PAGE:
The Competitive Intelligence Unit (CIU), a telecommunications consultancy based in Mexico City, found that in 2012, BlackBerry was in use by 30% of smartphone users in Mexico. Samsung and Nokia were just behind with 21% and 19% of the market, respectively. Apple devices, which are more expensive, accounted for only 13% of smartphone users.
In Latin America, Research In Motion (RIM) has found a safe haven amid the losses it has experienced in most markets across the globe. But BlackBerry will ultimately begin to lose share in Mexico. The CIU expected BlackBerry to drop to a 28% share by the end of 2013.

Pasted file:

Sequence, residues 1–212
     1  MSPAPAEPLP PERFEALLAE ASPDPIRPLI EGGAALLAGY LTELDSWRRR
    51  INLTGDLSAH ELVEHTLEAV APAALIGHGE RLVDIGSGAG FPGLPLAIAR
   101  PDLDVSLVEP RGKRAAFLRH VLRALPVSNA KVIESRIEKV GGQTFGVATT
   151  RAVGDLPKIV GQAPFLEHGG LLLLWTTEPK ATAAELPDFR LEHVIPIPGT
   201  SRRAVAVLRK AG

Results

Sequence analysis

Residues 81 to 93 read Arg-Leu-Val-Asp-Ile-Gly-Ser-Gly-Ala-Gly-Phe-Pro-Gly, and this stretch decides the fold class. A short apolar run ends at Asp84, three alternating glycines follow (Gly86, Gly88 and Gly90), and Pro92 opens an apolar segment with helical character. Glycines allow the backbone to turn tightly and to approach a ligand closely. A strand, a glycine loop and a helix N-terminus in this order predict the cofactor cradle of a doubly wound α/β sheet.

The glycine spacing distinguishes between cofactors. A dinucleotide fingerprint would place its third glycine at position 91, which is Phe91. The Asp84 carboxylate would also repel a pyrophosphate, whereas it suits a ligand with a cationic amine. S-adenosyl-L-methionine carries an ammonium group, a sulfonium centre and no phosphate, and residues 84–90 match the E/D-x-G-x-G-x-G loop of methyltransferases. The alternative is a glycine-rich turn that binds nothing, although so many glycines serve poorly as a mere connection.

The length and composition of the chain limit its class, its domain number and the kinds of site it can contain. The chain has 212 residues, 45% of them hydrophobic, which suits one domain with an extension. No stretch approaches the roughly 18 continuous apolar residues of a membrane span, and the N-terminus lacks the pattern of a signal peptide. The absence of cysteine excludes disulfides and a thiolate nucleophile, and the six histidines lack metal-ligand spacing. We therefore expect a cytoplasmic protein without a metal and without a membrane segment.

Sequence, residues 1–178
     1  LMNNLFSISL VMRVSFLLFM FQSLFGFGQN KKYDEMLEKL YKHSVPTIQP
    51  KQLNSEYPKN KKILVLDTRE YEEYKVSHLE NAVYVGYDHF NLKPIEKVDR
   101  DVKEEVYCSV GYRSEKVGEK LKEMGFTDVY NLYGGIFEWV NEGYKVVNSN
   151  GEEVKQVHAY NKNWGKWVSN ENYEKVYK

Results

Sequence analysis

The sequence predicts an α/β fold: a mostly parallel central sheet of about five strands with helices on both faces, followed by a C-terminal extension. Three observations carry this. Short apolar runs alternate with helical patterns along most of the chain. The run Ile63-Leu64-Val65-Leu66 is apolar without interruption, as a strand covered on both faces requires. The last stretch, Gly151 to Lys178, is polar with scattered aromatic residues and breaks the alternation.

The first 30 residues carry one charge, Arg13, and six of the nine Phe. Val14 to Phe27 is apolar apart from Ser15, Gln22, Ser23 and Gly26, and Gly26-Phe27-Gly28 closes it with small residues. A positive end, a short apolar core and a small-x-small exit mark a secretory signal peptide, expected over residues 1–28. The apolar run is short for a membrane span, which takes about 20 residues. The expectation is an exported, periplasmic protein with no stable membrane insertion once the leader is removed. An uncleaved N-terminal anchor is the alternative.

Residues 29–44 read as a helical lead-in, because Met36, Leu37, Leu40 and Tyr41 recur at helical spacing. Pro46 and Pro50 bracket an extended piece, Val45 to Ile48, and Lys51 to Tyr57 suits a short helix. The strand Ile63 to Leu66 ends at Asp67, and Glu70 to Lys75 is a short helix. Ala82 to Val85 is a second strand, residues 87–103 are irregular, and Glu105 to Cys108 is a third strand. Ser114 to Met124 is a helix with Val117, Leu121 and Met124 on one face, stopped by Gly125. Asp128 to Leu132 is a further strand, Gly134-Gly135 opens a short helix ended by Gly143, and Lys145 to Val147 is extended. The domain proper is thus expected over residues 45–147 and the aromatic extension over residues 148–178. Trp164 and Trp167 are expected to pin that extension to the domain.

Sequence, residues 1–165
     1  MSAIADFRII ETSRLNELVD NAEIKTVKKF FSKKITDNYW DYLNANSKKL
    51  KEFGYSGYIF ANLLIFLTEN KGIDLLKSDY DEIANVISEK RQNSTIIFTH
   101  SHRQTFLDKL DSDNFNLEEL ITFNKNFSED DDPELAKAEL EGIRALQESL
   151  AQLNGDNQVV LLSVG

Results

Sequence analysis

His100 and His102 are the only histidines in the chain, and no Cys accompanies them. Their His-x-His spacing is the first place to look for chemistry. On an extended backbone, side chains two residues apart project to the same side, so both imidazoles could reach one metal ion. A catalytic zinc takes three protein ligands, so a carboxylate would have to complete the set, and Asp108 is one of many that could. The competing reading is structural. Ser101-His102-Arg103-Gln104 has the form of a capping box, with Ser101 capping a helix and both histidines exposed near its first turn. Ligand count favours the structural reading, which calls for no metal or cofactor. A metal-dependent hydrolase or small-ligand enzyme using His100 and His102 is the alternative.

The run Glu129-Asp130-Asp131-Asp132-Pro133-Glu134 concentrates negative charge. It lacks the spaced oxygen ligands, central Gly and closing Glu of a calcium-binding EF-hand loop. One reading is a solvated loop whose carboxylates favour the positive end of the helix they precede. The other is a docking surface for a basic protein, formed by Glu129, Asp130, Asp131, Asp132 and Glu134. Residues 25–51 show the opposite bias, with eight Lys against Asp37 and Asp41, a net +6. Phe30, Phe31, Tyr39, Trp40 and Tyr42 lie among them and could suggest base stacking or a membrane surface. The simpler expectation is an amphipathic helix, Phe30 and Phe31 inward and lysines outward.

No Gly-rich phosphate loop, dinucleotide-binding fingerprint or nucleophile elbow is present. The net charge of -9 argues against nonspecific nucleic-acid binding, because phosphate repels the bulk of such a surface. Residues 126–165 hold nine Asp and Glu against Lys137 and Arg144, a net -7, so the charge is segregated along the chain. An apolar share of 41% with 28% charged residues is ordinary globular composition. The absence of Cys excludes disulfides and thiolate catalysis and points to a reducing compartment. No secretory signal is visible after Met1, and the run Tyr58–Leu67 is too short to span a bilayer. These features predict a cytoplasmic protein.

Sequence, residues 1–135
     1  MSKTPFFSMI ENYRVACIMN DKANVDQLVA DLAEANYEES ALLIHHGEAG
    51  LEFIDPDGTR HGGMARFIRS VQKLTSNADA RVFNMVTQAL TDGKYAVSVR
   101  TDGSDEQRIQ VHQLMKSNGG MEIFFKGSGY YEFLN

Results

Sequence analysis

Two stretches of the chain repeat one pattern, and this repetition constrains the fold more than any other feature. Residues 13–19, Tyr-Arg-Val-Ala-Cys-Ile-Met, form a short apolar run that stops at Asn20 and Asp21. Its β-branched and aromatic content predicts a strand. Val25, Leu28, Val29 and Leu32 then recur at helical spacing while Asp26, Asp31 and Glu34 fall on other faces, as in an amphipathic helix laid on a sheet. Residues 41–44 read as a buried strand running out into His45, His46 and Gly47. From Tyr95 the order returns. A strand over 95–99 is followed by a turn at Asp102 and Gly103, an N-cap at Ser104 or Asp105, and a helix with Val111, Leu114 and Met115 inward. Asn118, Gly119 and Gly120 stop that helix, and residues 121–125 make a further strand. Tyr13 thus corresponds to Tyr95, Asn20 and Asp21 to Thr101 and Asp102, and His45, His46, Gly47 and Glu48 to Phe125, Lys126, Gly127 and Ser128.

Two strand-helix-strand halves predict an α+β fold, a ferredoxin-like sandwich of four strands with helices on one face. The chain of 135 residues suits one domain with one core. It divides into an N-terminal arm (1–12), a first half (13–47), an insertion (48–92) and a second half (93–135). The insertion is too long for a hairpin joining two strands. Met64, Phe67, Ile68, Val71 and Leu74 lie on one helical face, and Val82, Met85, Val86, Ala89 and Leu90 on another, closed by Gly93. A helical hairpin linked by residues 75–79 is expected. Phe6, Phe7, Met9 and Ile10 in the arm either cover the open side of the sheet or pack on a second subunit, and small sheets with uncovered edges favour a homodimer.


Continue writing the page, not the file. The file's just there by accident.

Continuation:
Not surprisingly, smartphone ownership is mainly clustered among Mexico’s middle class. The CIU estimated that individuals in the various “C” socioeconomic levels (SEL) made up 79% of smartphone ownership in Mexico in September 2012. The C SELs are viewed as Mexico’s middle and upper-middle classes and are generally associated with annual household incomes ranging from $15,000 to $45,000 for the middle class and $45,000 to $100,000 for the upper-middle class.
eMarketer estimates that 22 million people—or one-third of mobile phone users in Mexico—will use a smartphone this year.
By 2016, smartphones will be in the hands of more than one-third of Mexico’s population and 55% of its mobile phone users.